The Young Urbanists AoU organised an event in the context of the London Festival of Architecture 2018, whose theme was ‘identity’.
One of London’s biggest assets is undoubtedly its diversity, and it promotes itself as an inclusive place: ‘London is Open’. The concept of urban identity may be an intangible one, but the built environment can be seen as an expression of that identity and the values derived from it.
Is London really as ‘open’ as it claims to be? Can London really embrace its diverse character when it does not embrace an inclusive array of citizens?
This event looked at the physical barriers in our built environment, from an accessibility angle, as well as the social model of disabilities and the diversity of the design industry itself. Drawing on the notions of inclusive design, we looked at what diversity should tangibly mean for our built environment and those who experience it.
The evening started with particularly poignant news as one of the guest speakers, Raya Al-Jadir a writer, disability campaigner and World Enabled fellow could no longer attend the event as she was unable to find a taxi with the appropriate ramp for her wheelchair. The injustice and immediacy of how inaccessible our capital is was brought to home with force. Raya’s prose was read out and she stressed that people firstly see the wheelchair and the needs of it before the person. The inability for her to find an appropriate taxi in time, as many do not respond to when disabled people hail them, highlights the invisibility and dehumanisation that people with disabilities face.
To probe the question in the title of the event ‘Is London Open?’ an aspect of the talk included 3 separate walking tours, where each guest speaker led a group of people across a route in Farringdon where the participant can attempt to understand the step-by-step experience disabled people have navigating the city. I had the privilege of going on a walking tour with Lucy Webster, Warwick alumni, BBC journalist, accessibility campaigner and wheelchair user. Through my limited knowledge as an able-bodied person self I had assumed the ‘obvious’ areas of inaccessibility. It was not until Lucy’s explanation and excellent guidance; I started to understand better the multifaceted issue of accessibility in London. Issues if curb drops, steep and rounded pavement where her wheelchair was unable to navigate and not being high enough to see over the tops of cars if other vehicles were coming. The tour pointed out the challenges of the built environment in London and how difficult it is to navigate for those who have disabilities in society. The tour offered an opportunity to develop awareness and understanding of other people’s experience of the built environment.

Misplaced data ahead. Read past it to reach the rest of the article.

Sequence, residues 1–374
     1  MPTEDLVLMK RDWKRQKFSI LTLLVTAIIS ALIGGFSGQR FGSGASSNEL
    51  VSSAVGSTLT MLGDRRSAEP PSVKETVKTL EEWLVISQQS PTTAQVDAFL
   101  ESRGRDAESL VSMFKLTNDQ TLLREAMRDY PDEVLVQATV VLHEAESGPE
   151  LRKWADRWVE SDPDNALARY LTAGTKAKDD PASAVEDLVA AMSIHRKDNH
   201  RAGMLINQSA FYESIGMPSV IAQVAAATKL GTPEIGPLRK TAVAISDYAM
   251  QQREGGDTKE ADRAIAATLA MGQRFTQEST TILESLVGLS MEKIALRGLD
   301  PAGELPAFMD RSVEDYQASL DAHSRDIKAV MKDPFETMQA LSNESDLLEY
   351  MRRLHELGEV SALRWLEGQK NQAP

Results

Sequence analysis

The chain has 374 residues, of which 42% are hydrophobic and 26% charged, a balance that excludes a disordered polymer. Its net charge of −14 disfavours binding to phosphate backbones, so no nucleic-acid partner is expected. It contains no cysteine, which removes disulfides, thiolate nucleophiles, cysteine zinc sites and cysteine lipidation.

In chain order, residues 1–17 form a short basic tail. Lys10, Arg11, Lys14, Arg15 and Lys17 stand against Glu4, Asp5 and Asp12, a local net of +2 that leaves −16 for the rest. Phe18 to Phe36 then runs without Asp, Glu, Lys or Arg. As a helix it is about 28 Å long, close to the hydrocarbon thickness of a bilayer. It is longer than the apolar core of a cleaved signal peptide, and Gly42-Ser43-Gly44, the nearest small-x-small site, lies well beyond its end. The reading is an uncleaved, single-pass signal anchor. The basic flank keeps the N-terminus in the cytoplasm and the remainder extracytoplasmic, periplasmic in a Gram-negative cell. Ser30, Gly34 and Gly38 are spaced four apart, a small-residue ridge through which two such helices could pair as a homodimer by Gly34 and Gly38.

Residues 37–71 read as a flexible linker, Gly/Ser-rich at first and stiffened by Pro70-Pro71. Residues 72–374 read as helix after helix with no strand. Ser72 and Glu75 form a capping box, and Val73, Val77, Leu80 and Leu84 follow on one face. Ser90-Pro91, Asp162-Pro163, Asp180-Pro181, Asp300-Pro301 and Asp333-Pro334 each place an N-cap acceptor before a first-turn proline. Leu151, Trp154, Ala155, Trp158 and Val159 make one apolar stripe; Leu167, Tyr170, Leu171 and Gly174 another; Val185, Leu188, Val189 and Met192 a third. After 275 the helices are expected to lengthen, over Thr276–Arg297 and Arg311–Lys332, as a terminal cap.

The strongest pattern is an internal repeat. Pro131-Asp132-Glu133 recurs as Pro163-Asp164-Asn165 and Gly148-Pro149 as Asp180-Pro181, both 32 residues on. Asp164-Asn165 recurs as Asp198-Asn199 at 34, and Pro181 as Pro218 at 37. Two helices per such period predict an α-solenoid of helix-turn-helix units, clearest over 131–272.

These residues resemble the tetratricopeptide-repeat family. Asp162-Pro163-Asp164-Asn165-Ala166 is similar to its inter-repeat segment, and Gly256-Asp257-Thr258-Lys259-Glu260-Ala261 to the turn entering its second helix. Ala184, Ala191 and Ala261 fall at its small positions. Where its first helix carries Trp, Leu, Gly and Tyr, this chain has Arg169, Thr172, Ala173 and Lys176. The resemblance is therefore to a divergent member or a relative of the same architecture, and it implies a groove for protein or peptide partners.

Kevin Hickman from the inclusive cycling charity Wheels for Wellbeing presented cycles as mobility aids. Wheels for wellbeing campaigns, publishes research, offers training, and supports people with disabilities to cycle. Their work deals with the lack of representation of disabled cyclists. As a result of this lack of representation, cycle infrastructure is not thought and designed for disabled cyclists. The consequence of this thinking is embodied by kerbs, narrow cycle lanes or kissing gates.
Andy Shipley raised an important point that the peak in efforts to make London accessible was in 2012 for the London Olympic Games. The London Assembly website states that there is continued effort going in to continuing this legacy by promoting inclusive design throughout London. The reality of the situation is that 6 years on, London remains pretty inaccessible to non-able bodied people. What is needed is a solid, methodological and sustained focus on modifying the existing areas of London to making it accessible as opposed to random spikes of activity during times when the world focuses on the capital e.g London 2012 Olympics. A solid focus, however, requires an economic and political impetus from all structures in society. The continued cuts to social care, social funding and housing make this harder for local governments to support to needs of disabled people. Accessibility to the capital means inclusion and higher visibility in society, all important things for general wellbeing, self-esteem and good mental health.
An encouraging development in urban design and the built environment is the input of the ‘Inclusive access strategy’ that is being implemented across design projects. As stressed by Neil Smith, head of Inclusive Design at BuroHappold, as well as meeting the minimum requirement of making a place accessible it is important that at the blueprints of projects that accessibility is at the forefront. When accessibility is placed at the forefront of planning projects in the future it will encourage, as London develops and changes, that the built environment will truly reflect all people that access it. Victoria Lee from the Design Council gave a presentation about the work she is leading on national and international projects to produce inclusive environments. Olufunmi Rita Adeoye, access officer at Redbridge council, raised the importance of the vital need of access officers in boroughs and the consulting of local activist and disabled groups. Good planning policy and Building Regulations are also essential to deliver inclusive design and access. Finally, Sarah Lindeman, Access Advisor from the Centre for Accessible Environments (CAE) explained how the organisation integrates inclusive design as part of developments, using collaborative research with people with disabilities.
The everyday experiences of those who bear the brunt of an inaccessible London, their views, grievances and suggestions for the future comprise the most useful and powerful tool to alleviate the inaccessibility of our Capital. A new found focus and understanding of these issues will lead to a future where London is truly open.